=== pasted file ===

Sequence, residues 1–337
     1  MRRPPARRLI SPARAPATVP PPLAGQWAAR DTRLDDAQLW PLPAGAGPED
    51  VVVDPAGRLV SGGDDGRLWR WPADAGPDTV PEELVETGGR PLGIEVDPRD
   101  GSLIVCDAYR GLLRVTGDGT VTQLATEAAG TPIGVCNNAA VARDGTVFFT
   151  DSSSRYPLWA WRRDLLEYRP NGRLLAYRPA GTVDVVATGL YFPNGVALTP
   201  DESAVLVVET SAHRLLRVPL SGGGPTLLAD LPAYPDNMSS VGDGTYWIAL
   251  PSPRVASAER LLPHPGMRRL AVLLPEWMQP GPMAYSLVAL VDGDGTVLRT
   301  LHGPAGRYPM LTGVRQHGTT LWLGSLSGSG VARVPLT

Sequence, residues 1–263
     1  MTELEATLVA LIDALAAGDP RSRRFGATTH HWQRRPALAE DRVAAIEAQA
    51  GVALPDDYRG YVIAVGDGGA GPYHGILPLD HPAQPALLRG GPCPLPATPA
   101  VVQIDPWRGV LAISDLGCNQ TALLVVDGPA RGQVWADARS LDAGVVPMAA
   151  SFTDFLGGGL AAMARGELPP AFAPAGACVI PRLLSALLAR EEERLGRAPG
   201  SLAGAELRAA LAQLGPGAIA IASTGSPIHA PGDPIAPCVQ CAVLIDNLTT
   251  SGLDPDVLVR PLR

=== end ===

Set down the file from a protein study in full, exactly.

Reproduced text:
Sequence, residues 1–337
     1  MRRPPARRLI SPARAPATVP PPLAGQWAAR DTRLDDAQLW PLPAGAGPED
    51  VVVDPAGRLV SGGDDGRLWR WPADAGPDTV PEELVETGGR PLGIEVDPRD
   101  GSLIVCDAYR GLLRVTGDGT VTQLATEAAG TPIGVCNNAA VARDGTVFFT
   151  DSSSRYPLWA WRRDLLEYRP NGRLLAYRPA GTVDVVATGL YFPNGVALTP
   201  DESAVLVVET SAHRLLRVPL SGGGPTLLAD LPAYPDNMSS VGDGTYWIAL
   251  PSPRVASAER LLPHPGMRRL AVLLPEWMQP GPMAYSLVAL VDGDGTVLRT
   301  LHGPAGRYPM LTGVRQHGTT LWLGSLSGSG VARVPLT

Sequence, residues 1–263
     1  MTELEATLVA LIDALAAGDP RSRRFGATTH HWQRRPALAE DRVAAIEAQA
    51  GVALPDDYRG YVIAVGDGGA GPYHGILPLD HPAQPALLRG GPCPLPATPA
   101  VVQIDPWRGV LAISDLGCNQ TALLVVDGPA RGQVWADARS LDAGVVPMAA
   151  SFTDFLGGGL AAMARGELPP AFAPAGACVI PRLLSALLAR EEERLGRAPG
   201  SLAGAELRAA LAQLGPGAIA IASTGSPIHA PGDPIAPCVQ CAVLIDNLTT
   251  SGLDPDVLVR PLR